By early July, woodboring beetle activity is at its peak in southern Missouri. Even though many of the smaller species of jewel beetles (family Buprestidae) and longhorned beetles (family Cerambycidae) have already come and gone, bigger species in genera such as Buprestis, Acanthocinus, Enaphalodes, etc. are ripe for the picking. All one has to do is travel for hours to high-quality forest (upland or lowland—either is fine depending on what you wish to find), hike for additional hours through stifling mid summer heat and humidity, and carefully search the trunks and branches of any declining or recently downed tree (don’t forget to look along the undersides) while dodging deer flies (if ever a creature sprang from the pit of hell!) and slapping mosquitos! Sure, you can cheat and just drive along National Forest roads looking for recent logging operations—it’s a good way to get large series of common, widespread species; however, if you want to get the good stuff you’ve got to seek out the high-quality forests—those not managed for timber—and look for declining trees and natural wind-throws.
Of course, not all wood borers are beetles. Among the more spectacular non-beetle wood borers are the horntails (order Hymenoptera, family Siricidae), represented in this post by one of its more commonly encountered species, Tremex columba (pigeon horntail). That is not to say that they are frequently encountered, at least in my experience, but I do remember the first time I saw one of these as a boy. I knew in my heart that they were harmless—my already tattered copy of The Golden Guide to Insects said so; yet I could not bring myself to actually grab what would become the latest prize specimen in my insect collection with my bare fingers, instead sneaking a jar over it and sliding the lid underneath. I’ve seen them a few times since, but until recently I had never seen what must be considered their most remarkable feature—the ability to thrust a needle-thin ovipositor several cm into solid wood! While hiking the Shut-Ins Trail at Sam A. Baker State Park last year, I spotted a large, recently wind-thrown tree off the trail and picked my way over to see what woodboring beetles I might find. As I approached the horntail in these photos took flight, but I stood still and watched her settle back onto the trunk and resume searching activities. Using all the stealth I could muster, I made my approach—hoping to get at least one good shot of this spectacular insect. I would have been happy if I had walked away with nothing more than the first photo in the sequence below. What happened next, however, was icing on the cake. As the remaining photo sequence shows, she suddenly arched her abdomen high and began probing the wood with the tip of her ovipositor, then bracing it at a precise 90° angle relative to the lower abdomen, slowly thrust it deep into the wood until her abdomen was completely level above the trunk.
I never cease to be amazed by insects, but sometimes their capabilities just seem incomprehensible. If you disagree, just imagine trying to insert an insect pin deep into solid wood with nothing but your bare hands (or, more precisely, pushing only with your butt) and see if you don’t change your mind!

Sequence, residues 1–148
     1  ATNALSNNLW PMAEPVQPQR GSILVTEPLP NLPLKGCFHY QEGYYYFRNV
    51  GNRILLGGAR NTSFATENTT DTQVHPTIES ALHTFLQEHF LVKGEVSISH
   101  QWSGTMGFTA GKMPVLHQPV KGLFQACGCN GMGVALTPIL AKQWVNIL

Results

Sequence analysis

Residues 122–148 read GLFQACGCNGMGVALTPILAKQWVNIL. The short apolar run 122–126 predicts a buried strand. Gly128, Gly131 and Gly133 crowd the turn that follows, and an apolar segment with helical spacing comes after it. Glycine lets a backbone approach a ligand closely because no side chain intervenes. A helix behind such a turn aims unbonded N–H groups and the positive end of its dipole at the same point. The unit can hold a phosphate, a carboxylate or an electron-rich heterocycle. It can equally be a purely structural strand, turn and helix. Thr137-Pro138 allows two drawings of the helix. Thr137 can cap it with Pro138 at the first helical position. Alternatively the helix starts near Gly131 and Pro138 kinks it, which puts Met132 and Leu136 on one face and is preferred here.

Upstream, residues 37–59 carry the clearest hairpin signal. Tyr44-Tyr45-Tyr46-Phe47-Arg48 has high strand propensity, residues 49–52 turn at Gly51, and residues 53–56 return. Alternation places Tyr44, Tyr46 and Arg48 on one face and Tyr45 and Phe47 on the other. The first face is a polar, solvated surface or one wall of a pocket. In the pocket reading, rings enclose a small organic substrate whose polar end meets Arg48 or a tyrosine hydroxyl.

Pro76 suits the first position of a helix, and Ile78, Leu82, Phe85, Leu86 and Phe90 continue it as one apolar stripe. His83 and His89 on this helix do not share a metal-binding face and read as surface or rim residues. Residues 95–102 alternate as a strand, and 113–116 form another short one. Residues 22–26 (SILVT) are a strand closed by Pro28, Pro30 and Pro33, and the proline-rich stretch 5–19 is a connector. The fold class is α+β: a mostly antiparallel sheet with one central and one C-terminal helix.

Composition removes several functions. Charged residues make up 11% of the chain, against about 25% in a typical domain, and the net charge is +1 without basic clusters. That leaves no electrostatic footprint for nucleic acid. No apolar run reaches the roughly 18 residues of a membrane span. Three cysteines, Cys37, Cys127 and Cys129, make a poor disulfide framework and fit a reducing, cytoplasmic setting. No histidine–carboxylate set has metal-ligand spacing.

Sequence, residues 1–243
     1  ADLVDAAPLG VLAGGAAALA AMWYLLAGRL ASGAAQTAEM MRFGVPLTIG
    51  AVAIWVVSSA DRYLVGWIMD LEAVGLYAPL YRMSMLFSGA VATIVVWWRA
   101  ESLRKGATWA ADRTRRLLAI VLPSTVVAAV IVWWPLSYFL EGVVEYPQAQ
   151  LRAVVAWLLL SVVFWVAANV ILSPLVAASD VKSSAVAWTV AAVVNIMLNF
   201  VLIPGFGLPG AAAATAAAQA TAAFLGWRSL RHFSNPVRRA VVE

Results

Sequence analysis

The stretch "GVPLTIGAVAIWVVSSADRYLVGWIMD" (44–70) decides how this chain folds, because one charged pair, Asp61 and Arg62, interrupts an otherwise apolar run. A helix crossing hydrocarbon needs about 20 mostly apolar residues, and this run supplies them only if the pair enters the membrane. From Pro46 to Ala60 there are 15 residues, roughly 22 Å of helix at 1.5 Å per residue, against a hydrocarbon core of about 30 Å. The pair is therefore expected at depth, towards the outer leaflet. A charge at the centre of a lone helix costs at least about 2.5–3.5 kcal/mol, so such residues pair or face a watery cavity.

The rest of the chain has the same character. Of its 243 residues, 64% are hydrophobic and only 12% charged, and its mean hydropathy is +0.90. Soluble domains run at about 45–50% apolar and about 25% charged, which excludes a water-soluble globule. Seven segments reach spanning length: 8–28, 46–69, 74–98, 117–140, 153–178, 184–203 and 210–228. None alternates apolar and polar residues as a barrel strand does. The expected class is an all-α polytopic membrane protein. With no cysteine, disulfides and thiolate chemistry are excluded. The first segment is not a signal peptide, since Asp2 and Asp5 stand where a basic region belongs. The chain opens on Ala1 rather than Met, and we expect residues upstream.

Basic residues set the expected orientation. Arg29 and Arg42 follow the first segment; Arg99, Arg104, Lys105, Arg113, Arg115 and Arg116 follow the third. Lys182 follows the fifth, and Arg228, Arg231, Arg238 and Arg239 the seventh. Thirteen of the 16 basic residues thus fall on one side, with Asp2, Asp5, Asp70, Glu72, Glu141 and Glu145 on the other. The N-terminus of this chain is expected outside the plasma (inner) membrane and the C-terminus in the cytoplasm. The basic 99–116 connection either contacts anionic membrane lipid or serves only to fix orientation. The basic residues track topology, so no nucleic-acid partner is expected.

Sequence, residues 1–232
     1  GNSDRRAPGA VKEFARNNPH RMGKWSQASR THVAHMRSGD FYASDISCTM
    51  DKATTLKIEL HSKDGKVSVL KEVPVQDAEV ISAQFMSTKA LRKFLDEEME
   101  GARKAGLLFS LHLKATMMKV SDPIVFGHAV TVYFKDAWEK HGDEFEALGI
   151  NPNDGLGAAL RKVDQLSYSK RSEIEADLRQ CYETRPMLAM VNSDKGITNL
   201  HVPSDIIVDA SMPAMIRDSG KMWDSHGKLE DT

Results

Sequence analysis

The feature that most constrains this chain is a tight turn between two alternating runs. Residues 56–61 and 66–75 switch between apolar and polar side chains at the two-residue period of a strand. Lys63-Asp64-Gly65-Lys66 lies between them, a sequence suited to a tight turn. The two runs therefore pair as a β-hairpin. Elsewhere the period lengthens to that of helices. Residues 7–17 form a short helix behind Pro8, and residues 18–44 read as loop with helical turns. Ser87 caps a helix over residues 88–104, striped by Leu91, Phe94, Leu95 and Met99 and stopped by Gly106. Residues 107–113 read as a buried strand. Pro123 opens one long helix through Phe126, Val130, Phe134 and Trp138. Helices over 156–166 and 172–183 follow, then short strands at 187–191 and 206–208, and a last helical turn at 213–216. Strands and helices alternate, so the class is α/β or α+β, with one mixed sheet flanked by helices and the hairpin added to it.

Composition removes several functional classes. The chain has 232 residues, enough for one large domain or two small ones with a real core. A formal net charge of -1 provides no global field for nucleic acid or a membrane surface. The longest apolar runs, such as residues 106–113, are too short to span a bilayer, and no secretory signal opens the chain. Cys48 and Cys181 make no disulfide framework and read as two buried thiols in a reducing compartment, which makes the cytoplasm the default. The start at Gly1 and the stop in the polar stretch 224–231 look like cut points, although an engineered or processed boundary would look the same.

Copyright © Ted C. MacRae 2013
16 thoughts on “Ovipositing Pigeon Horntail”
Wonderful series Ted
Great shots – as always.
Love this series of shots…but no, I’m not gonna try an push an insect pin into solid wood with my butt. Way too much skill involved, lol
I didn’t think I’d get any takers! 🙂
Very nice. She has a different approach to leverage than the Leucospidids. But obviously still quite effective.
Even more remarkable are the giant ichneumon wasps (Megarhyssa) that parasitize Tremex larvae. Photographing one of those in the act in action would be the ulimate oviposition shot!
Ah, yes – the old Stumpstabbers. I think we have M. nortoni in CA conifer forests. Haven’t had the pleasure of seeing one in action yet.
Thats a mild version of what one salty-tongued entomology professor I had used to call Megarhyssa.
Anyway, I once tried to pick up on of these that was not completely inserted into the wood (so I didn’t think that her ovipostitor might be firmly stuck in the medium) and ended up tearing her loose from the end of her abdomen. Senseless violence, for which I have some regret. Oddly, it is my impression that these cannot, or at least do not, use the ovipositor defensively.
PS By “these”, I meant Tremex.
Yes, but Stumpeffers isn’t appropriate for Ted’s PG bug blog. 😉
And you are correct – ovipositor does not equal stinger. If they (as in many species of wasps) have an ovipositor, they cannot sting at all – it’s just a big, clumsy, incredibly amazing egg-insertion machine. But I’m with Ted – every fiber of my being won’t let me grab them regardless!
Oh, now I get it – hysterical!
I’m glad to know these things have given others irrational willies as well.
Beautiful photos, Ted. Change of subject! I have a question I’ve been meaning to ask. This fall, in my terrariums, my tiger beetles would sometimes throw themselves to the ground and flail dramatically. Oh my god, was my first thought, they’re having a seizure! I think they were rubbing themselves against the dirt, some kind of grooming behavior. Have you ever seen this?
I can’t say that I’ve ever seen something like that…
I’ve yet to see a horntail in person. What a great insect! Thanks for posting the photos.
Wow, great series. Very interesting post!
Very nice series, but at the moment hiking through heat and humidity seems preferable to the alternative outside.
I always found sweeping a net from back to front over my head a moderately satisfying way deal with deer flies. It is a bit like trying to empty the ocean with a teacup, but looking them in the eyes and then crushing them seems fair turnaround, although no doubt bad karma.